Counter-Cola: A Multinational History of the Global Corporation

Reassembling and Remaking of the Brand

But the image wasn’t an artist’s individual creation, instead, the photo captured a community’s everyday remaking of the brand.  As the Company had developed the brand in India, appropriating local culture to do so, communities and activists engaged in its reassemblage (as visual anthropologists term the reuse, remixing, recontextualizing and sometimes rejection of dominant meanings) imbuing it with political potential.
Protesting women would regularly place their plastic pots in front of the Coke factory “in mute performance of water scarcity.”  In repeating it, this “semiotic activity turned an ordinary gesture into the kind of expressive ritual that becomes popular culture.”  The repeating image of the water pot placed in front of Coca-Cola trademark began to “scramble the mass media icon, becoming semiotic acts that were reproduced in news photos and documentary footage.”  In these accounts, the pot recurs sometimes plastic or earthenware, but “always dry, always empty.”  When Haksar put up his billboard, the signification of the pots had reached a level of literacy with the Indian public having learned to read “what they communicate in these daily performances.”[i]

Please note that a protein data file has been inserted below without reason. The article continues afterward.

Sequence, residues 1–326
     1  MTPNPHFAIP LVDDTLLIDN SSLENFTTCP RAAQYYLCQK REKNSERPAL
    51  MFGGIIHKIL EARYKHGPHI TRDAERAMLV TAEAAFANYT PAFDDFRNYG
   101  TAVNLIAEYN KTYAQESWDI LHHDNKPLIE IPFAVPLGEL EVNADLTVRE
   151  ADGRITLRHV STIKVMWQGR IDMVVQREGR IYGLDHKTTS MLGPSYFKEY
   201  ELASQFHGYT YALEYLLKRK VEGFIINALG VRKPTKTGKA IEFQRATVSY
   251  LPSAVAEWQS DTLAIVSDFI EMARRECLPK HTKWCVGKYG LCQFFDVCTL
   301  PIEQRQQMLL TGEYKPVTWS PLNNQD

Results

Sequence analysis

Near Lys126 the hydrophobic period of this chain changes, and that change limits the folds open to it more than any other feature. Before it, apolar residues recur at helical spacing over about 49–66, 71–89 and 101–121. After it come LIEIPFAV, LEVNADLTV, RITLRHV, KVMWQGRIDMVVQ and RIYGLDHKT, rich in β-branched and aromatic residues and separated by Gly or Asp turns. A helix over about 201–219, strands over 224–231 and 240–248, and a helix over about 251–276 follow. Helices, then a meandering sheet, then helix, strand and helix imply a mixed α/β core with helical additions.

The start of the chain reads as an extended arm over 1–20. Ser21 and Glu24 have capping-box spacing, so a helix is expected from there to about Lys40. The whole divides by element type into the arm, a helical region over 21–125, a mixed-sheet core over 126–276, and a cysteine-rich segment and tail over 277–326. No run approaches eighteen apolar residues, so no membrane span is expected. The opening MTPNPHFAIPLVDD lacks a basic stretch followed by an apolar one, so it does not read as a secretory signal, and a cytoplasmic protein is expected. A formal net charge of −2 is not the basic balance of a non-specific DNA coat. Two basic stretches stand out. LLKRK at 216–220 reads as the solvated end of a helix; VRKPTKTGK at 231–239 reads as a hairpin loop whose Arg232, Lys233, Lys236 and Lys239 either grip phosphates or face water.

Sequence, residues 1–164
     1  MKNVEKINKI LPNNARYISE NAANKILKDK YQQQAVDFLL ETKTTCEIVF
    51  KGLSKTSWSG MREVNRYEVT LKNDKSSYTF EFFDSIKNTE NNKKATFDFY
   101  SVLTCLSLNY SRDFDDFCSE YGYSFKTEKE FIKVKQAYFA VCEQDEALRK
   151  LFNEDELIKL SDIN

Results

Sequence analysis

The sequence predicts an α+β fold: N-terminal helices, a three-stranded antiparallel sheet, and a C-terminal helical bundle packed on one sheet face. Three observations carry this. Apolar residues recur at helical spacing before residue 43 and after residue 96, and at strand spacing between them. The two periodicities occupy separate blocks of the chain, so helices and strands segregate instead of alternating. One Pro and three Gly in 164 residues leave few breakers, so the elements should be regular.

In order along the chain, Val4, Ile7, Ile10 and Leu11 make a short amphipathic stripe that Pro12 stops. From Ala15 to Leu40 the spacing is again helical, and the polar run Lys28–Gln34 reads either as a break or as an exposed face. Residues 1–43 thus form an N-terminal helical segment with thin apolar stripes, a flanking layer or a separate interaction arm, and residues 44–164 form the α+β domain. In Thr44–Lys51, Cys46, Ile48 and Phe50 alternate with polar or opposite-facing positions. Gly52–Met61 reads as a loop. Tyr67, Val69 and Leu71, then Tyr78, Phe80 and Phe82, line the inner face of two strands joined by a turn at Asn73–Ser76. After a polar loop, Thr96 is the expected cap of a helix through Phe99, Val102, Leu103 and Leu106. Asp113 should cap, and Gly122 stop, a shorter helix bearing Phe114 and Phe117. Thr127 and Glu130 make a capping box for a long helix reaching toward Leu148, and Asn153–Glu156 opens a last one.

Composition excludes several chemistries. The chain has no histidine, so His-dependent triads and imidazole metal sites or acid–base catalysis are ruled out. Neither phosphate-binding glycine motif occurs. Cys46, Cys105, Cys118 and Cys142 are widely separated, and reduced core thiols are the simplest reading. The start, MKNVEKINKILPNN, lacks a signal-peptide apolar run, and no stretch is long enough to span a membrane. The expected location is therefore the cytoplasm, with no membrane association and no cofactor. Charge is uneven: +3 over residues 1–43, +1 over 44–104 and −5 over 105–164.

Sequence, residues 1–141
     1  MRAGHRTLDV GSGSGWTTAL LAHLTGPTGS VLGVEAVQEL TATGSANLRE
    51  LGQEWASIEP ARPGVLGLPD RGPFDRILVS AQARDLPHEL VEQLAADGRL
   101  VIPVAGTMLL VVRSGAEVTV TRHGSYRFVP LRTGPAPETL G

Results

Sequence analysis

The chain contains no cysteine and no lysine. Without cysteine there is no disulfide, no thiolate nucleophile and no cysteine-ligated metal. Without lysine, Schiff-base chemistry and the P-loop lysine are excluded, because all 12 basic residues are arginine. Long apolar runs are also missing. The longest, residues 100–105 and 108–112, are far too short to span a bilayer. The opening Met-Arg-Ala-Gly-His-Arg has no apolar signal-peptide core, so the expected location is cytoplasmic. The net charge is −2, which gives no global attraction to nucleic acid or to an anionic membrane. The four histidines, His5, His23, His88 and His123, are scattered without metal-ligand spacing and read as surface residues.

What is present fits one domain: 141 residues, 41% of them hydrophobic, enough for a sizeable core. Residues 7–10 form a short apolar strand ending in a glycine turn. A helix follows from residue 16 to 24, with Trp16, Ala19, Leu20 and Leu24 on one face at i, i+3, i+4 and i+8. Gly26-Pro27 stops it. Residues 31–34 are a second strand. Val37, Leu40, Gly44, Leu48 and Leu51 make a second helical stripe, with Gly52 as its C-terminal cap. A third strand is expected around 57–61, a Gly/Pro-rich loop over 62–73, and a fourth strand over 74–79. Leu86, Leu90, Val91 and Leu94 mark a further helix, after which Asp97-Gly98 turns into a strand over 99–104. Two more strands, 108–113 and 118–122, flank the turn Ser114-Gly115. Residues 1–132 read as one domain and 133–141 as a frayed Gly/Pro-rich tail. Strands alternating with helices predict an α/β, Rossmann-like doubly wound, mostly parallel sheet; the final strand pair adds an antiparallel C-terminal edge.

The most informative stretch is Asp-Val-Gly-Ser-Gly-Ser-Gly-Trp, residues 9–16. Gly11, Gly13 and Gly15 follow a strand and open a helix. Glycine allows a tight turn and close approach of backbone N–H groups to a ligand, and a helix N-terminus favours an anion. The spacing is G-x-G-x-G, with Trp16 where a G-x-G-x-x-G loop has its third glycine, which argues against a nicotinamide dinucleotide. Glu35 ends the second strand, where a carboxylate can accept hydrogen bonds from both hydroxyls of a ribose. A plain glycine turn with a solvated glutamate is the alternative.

Thus, the photo not only drew new attention to the growing movements, it also signaled a fissure in corporate hegemony -- “mark[ing] the already begun process of an icon’s epistemological crisis” and its reemergence as a volatile signifier, politically potentialized in its future consumption.[ii]
[i] Bishnupriya Ghosh, Global Icons:  Apertures to the Popular (Durham, NC:  Duke University Press, 2011), 52. 
[ii] (Ghosh, 51-52).

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